What is SSL?
SSL stands for Secure Socket Layer, a standard encryption technology used to transfer data from a user’s browser to the web server. Websites use SSL encryption to prevent hackers to intercept and misuse the data users leave on a website (via checkout pages, as well as registration or contact forms). SSL largely functions using public and private encryption keys, out of which the former is used to scramble the information, while the latter decrypts it so that it could be read by someone monitoring the transmission.
On a website, the secure transfer via a standard SSL certificate is marked with https:// in front of the website URL in the address bar, as opposed to http:// that represents a standard protocol on websites that do not use SSL. When a person visits a https:// page, therefore, his or her communications, data and transactions are safe from potential information skimming or sniffing. Quite logically, this is particularly important for company and ecommerce websites that collect personal information, where the use of SSL certificates is a matter of corporate credibility.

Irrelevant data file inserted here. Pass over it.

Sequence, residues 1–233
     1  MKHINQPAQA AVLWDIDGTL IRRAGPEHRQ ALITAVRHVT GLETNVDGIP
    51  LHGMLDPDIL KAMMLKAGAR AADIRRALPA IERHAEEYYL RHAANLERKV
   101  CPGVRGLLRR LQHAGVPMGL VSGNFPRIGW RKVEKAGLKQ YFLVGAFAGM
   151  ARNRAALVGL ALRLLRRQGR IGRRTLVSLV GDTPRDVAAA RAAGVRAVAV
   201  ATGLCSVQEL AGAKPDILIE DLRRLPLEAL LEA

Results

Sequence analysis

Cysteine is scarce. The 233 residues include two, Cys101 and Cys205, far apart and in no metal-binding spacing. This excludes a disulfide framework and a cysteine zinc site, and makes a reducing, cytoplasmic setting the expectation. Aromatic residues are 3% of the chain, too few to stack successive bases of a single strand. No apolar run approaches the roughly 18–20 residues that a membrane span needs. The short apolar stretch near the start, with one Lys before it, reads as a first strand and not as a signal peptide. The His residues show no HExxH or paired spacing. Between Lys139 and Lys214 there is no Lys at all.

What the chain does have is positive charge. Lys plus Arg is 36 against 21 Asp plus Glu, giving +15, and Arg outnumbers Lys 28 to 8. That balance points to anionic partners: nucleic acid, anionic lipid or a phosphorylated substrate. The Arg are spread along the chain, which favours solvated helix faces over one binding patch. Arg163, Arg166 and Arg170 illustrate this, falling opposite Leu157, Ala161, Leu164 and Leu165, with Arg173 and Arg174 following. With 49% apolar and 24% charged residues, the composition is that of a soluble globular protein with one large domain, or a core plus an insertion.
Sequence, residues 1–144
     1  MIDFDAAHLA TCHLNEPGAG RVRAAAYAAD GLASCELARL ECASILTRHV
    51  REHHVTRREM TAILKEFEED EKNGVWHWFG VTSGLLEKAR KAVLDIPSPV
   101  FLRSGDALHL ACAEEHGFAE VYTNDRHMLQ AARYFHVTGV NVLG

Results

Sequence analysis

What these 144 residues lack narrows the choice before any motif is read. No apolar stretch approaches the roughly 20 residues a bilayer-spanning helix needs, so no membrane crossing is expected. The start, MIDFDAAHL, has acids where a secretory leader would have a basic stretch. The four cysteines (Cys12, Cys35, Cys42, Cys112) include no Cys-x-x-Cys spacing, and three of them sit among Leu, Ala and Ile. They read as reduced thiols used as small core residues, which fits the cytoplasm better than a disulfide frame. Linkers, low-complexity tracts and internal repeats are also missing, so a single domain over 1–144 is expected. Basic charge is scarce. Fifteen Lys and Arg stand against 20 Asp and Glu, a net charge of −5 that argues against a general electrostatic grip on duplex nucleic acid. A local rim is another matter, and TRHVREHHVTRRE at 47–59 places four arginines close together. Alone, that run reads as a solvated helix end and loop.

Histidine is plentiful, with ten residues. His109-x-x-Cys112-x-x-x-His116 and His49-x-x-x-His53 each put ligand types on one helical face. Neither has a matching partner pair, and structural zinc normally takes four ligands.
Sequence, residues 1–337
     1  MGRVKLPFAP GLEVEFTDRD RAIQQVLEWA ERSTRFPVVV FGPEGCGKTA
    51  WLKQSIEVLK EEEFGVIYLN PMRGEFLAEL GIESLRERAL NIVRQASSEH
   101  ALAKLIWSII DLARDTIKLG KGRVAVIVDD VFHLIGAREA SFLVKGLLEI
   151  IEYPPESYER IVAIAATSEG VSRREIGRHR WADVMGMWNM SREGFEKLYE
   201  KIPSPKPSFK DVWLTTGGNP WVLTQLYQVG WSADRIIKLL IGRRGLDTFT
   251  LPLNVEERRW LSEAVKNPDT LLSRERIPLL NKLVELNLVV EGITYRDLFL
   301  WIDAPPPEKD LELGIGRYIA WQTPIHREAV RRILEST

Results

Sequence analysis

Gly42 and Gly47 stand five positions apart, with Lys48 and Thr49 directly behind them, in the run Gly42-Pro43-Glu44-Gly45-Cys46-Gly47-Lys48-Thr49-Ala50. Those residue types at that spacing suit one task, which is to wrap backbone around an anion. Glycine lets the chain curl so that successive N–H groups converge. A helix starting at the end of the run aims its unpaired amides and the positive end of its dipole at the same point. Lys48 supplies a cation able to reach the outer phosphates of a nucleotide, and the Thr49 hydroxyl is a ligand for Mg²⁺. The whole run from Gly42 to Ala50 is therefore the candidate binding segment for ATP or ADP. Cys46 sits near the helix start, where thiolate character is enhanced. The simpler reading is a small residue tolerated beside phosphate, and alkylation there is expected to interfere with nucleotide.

So what Does Google think?
Namely, last year Google introduced HTTPS as a lightweight search signal in an attempt to raise awareness of online security issues and encourage more webmasters to get SSL certificates for their websites. The idea was to make the web a safer place by ensuring secure server connections and maximum privacy for online users. With this goal still in focus, Google decided to further improve online safety by allowing search engines to crawl HTTPS pages by default. As announced on Google Online Security blog earlier in December, the company is making a major step in enabling the HTTPS Everywhere idea to actually happen:
“Today we’d like to announce that we’re adjusting our indexing system to look for more HTTPS pages. Specifically, we’ll start crawling HTTPS equivalents of HTTP pages, even when the former are not linked to from any page.”
With billions of commercial websites now serving the global market and collecting users’ personal data in one form or another, employing sufficient security practices is essential for a successful digital strategy. One of the most important web security measures, SSL has been long established as an industry standard in the US and other countries, now gaining more attention as one of Google’s search ranking factors. For the SEO world, this means that more webmasters will need to consider improving their website security practices and thus directly improve users’ experience.